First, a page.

Journal of Research in Medical and Dental Science
eISSN No. 2347-2367 pISSN No. 2347-2545

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Original Article - (2019) Volume 7, Issue 2

Developmental Enamel Defects in Relation to Intelligence Quotient among Primary Schools Students

Juman Mohammed Taqi Al-Talqani* and Aseel Haidar MJ Al-Haidar

*Correspondence: Juman Mohammed Taqi Al-Talqani, Department of Pedodontics and Preventive Dentistry, College of Dentistry, University of Baghdad, Baghdad, Iraq, Email:

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Objective: To assess the relationship between the enamel defects and the intelligence quotient among a group of children.

Subjects and Methods: A cross sectional study was carried out in Al-Najaf city, Iraq by which a total of (1122) primary school student aged from 8-10 years old were included. All the students were examined for the presence of the enamel defects in the permanent teeth. Their intelligence quotient was determined using Raven’s colored progressive matrices. Statistical analysis was done using SPSS version 21.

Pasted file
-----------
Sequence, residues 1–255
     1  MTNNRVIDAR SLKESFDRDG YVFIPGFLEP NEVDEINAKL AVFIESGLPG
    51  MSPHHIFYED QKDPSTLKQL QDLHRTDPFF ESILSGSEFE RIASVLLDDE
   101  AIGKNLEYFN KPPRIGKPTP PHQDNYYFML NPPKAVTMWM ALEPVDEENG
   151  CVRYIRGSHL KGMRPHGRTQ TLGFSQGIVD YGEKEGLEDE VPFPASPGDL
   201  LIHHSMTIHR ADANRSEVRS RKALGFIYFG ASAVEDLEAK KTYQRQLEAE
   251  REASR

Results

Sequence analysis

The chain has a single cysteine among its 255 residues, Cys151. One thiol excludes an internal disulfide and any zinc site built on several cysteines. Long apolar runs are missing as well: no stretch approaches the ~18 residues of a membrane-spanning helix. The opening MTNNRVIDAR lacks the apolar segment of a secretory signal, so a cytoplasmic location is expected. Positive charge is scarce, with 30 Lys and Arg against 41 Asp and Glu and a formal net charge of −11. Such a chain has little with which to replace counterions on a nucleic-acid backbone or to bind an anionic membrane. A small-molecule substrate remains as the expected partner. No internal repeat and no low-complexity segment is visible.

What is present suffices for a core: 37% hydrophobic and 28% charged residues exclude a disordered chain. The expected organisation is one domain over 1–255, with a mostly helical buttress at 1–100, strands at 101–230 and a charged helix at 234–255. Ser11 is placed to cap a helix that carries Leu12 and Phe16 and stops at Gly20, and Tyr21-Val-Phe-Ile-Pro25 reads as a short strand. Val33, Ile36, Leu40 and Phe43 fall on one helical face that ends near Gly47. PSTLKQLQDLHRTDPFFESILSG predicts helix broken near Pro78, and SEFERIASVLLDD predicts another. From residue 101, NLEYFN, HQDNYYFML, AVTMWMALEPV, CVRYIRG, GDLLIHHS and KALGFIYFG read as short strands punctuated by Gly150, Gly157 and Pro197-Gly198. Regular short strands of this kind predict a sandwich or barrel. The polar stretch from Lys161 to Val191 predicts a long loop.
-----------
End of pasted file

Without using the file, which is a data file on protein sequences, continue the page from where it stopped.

Results: The results of the current study showed that the prevalence of the developmental enamel defects among the total sample (22.37%) was more prevalent among the intellectually impaired subjects (24.64%). However, the results were statistically not significant.

Conclusion: This study concluded that a relationship was found between the enamel defects and the level of the intelligent quotient, by which it was highly prevalent among the intellectually impaired children.


Enamel defects, Permanent teeth, Intelligence quotient (IQ), Najaf


Enamel is a unique in that it is a highly mineralized tissue in its structure, development and chemical nature; it is the most highly mineralized and hardest tissue in the body. However, very little organic matrix is found in the mature enamel [1]. Developmental defects of enamel are defined as disturbances in hard tissue matrices and in their mineralisation, arising during odontogenesis. These defects may be localised that affecting single or multiple teeth or systematic that affecting groups of teeth developing at the time of disturbance [2].